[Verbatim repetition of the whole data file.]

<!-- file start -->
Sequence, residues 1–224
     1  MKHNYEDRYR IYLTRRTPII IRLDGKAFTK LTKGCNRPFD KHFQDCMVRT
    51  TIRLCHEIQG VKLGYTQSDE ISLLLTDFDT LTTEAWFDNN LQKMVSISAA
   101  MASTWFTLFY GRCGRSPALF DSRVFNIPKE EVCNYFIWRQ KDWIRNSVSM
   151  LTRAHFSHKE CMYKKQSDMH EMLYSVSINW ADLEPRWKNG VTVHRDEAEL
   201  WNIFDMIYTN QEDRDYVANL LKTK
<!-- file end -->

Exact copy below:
Sequence, residues 1–224
     1  MKHNYEDRYR IYLTRRTPII IRLDGKAFTK LTKGCNRPFD KHFQDCMVRT
    51  TIRLCHEIQG VKLGYTQSDE ISLLLTDFDT LTTEAWFDNN LQKMVSISAA
   101  MASTWFTLFY GRCGRSPALF DSRVFNIPKE EVCNYFIWRQ KDWIRNSVSM
   151  LTRAHFSHKE CMYKKQSDMH EMLYSVSINW ADLEPRWKNG VTVHRDEAEL
   201  WNIFDMIYTN QEDRDYVANL LKTK